San Diego software startup Classy Inc. has landed $30 million in venture capital to polish its fundraising tool for social ventures and nonprofits.
The new round of cash was led by JMI Equity, a Baltimore-based growth equity firm that invests in software companies. The round also included existing investors Bullpen Capital, Galileo Partners, Mithril Capital Management, and Salesforce Ventures.
Classy makes an online platform for nonprofits and for-benefit companies to create fundraising campaigns. The company, which employs 200 people in San Diego, has already raised $23 million since its founding in 2011.
With the new funds, Classy plans to develop new features for its online portal to help organizations raise capital of their own. To do that, Classy must first beef up its engineering and design teams.
“Social enterprises are tackling some of the world’s biggest problems and our goal is to give them the very best technology to accelerate the pace of their impact,” said Classy’s co-founder and CEO Scot Chisholm in a statement. “The partnership with JMI will allow us to do just that by delivering new features and products that help organizations grow their online fundraising and automate operations so they can remain focused on their relationships and their program results.”
Classy plans to boost the cash flowing through its fundraising platform by using “intelligent data sets” to increase supporter engagement. The company also plans to expand its fundraising tools to include over 100 global currencies, and strengthen the platform’s integration with Saleforce for backend functions.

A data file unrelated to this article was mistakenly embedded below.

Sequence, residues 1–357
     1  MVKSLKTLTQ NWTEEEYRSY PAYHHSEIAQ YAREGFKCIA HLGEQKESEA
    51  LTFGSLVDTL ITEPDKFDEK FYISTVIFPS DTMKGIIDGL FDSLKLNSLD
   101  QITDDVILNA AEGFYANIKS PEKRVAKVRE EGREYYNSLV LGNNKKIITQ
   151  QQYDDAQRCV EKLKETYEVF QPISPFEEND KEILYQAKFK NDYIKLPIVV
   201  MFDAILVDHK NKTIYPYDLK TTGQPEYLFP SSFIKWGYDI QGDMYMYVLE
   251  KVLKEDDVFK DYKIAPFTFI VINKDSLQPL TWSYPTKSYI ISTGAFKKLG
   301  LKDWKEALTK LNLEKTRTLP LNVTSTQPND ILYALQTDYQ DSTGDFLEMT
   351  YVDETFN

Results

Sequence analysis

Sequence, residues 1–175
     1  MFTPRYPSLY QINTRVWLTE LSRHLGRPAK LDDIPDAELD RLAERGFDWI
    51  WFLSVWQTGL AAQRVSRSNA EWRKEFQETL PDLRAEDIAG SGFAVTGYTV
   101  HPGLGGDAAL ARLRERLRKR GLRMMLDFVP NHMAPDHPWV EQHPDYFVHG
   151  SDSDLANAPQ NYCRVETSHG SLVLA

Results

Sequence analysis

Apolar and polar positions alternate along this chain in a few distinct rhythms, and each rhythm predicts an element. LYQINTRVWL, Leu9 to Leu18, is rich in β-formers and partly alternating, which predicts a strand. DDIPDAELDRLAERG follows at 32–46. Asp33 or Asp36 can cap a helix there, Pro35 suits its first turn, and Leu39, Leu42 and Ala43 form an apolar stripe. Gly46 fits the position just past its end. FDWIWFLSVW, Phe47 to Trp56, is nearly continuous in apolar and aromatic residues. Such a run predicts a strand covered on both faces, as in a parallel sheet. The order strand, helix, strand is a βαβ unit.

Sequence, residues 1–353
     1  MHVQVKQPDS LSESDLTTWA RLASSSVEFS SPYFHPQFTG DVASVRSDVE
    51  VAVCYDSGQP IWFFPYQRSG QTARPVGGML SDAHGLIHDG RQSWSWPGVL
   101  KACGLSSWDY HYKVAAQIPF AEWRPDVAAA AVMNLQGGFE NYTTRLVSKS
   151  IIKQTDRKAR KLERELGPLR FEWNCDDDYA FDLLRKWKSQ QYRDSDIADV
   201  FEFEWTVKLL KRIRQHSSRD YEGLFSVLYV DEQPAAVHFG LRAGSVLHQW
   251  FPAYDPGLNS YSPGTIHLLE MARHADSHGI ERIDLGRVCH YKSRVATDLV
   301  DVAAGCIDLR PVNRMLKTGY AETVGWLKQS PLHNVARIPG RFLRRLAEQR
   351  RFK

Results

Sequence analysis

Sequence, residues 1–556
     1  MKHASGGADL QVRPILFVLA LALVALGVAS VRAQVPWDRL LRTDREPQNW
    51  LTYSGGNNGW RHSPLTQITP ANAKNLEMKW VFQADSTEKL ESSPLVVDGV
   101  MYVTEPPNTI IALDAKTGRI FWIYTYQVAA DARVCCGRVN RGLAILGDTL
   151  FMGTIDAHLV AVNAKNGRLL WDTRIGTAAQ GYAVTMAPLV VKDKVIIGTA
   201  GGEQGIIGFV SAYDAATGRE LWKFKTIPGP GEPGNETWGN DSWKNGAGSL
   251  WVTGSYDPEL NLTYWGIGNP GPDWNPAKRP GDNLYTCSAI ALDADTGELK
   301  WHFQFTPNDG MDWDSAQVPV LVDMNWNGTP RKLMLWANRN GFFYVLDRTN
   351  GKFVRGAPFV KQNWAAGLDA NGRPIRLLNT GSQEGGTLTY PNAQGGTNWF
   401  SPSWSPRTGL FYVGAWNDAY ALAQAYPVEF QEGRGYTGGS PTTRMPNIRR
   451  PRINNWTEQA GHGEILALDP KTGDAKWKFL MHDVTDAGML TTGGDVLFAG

As part of the Series C round, Brian Hersman, general partner at JMI Equity, will join Classy’s board of directors.
“The fundraising market is increasingly moving to online and mobile channels as a way to drive increased revenue and improve the donor experience,” Hersman said in a news release. “Classy is one of the most secure, supporter-centric and fastest growing fundraising platforms in the world, and is well positioned to capitalize on this trend.”
Classy’s revenue was north of $10 million in 2015, and the company expects its customer base to grow over 200 percent in 2016.
“Classy started as a group of friends looking to raise money for cancer research,” Chisholm said. “What we found was a lack of modern and mobile-friendly tools that could help social enterprises mobilize and empower their supporter base. So we created Classy, a technology platform built by fundraisers, for fundraisers.”
Today, Classy powers over 2,500 social enterprises raising hundreds of millions of dollars, including well-established nonprofits like Teach for America, Oxfam, and Leukemia & Lymphoma Society.